How The Economist’s Presidential Forecast Works

The Economist is back with a forecast for the 2024 US presidential election in collaboration with Andrew Gelman and others. One detail in the write-up of their approach stood out to me:

The ultimate result is a list of 10,001 hypothetical paths that the election could take.

Not 10,000, but 10,000 and one MCMC samples. I can’t remember seeing any reference for this choice before (packages love an even number as default), but I have been adding a single additional sample as tie breaker for a long time: If nothing else, it comes in handy to have a dedicated path represent the median to prevent an awkward median estimate of 269.5 electoral votes.

The extra sample is especially helpful when the main outcome of interest is a sum of more granular outcomes. In the case of the presidential election, the main outcome is the sum of electoral votes provided by the states. One can first identify the median of the main outcome (currently 237 Democratic electoral votes). Given the extra sample, there will be one MCMC sample that results in the median. From here, one can work backwards and identify this sample index and the corresponding value for every state, for example. The value might not be a state’s most “representative” outcome and it is unlikely to be the state’s median number of electoral votes. But the sum across states will be the median of the main outcome. Great for a visualization depicting what scenario would lead to this projected constellation of the electoral college.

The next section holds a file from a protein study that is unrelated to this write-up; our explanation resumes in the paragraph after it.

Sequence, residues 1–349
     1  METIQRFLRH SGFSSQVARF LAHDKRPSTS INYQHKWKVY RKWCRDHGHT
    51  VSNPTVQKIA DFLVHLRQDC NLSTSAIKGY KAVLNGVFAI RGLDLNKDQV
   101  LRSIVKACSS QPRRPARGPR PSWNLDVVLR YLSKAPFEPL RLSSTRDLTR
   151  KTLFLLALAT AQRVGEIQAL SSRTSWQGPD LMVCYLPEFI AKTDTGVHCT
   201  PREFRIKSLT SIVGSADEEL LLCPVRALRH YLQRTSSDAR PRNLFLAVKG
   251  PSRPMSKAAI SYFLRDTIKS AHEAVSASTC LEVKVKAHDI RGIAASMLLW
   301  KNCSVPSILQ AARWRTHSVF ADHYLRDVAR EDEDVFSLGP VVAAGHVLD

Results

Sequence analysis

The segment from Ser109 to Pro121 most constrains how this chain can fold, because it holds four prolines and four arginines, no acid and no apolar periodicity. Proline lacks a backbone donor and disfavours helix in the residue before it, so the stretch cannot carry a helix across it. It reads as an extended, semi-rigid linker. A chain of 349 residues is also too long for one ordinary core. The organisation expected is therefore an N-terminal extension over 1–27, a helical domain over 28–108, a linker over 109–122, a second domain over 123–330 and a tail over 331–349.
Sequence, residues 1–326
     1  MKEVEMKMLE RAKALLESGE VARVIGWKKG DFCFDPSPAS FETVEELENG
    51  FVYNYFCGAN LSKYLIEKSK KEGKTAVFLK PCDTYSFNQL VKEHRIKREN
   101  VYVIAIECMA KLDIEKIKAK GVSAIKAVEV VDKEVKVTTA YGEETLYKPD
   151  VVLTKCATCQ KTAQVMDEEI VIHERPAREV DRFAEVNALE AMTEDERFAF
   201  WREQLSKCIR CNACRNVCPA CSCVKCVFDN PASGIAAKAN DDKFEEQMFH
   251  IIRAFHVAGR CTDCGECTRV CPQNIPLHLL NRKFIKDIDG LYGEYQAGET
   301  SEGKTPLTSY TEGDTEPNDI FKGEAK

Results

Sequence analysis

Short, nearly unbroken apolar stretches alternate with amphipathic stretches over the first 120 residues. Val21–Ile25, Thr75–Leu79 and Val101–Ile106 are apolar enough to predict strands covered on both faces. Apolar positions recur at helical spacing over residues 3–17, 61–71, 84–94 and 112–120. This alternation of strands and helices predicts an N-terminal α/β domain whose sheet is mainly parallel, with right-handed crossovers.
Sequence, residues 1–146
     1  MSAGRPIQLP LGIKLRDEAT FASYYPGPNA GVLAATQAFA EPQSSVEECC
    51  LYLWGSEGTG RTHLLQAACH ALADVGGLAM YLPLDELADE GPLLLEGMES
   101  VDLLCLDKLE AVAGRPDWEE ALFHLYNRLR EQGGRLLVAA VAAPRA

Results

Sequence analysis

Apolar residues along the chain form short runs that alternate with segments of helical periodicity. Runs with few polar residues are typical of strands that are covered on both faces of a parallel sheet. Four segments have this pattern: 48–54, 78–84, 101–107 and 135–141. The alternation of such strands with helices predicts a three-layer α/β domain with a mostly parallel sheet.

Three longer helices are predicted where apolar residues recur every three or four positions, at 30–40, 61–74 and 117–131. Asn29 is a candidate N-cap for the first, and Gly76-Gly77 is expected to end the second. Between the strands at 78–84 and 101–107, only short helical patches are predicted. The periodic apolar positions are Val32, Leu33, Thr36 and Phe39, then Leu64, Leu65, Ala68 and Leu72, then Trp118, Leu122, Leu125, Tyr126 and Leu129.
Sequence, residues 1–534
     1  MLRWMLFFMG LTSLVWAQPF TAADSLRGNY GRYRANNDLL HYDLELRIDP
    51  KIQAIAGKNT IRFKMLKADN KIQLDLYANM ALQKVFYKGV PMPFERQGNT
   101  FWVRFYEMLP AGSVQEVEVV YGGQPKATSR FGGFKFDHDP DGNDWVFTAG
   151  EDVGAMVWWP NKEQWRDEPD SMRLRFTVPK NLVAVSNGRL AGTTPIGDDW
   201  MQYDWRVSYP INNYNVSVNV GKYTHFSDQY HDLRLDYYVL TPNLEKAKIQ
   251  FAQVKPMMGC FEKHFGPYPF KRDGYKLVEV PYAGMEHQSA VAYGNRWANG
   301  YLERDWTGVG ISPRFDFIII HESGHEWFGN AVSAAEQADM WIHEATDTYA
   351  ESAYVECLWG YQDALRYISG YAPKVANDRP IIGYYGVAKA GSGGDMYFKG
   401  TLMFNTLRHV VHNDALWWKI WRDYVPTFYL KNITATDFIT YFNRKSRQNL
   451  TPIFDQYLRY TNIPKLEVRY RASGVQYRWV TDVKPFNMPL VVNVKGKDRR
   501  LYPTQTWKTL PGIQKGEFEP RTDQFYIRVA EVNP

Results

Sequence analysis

In contrast, summing up the median outcome of each state, there would be only 226 Democratic electoral votes as of today.1

  1. CA, DC, HI, MA, MD, ME 1, NY, VT, CO, CT, DE, IL, NJ, OR, RI, WA, NM, ME, NE 2, VA, NH, MN.↩︎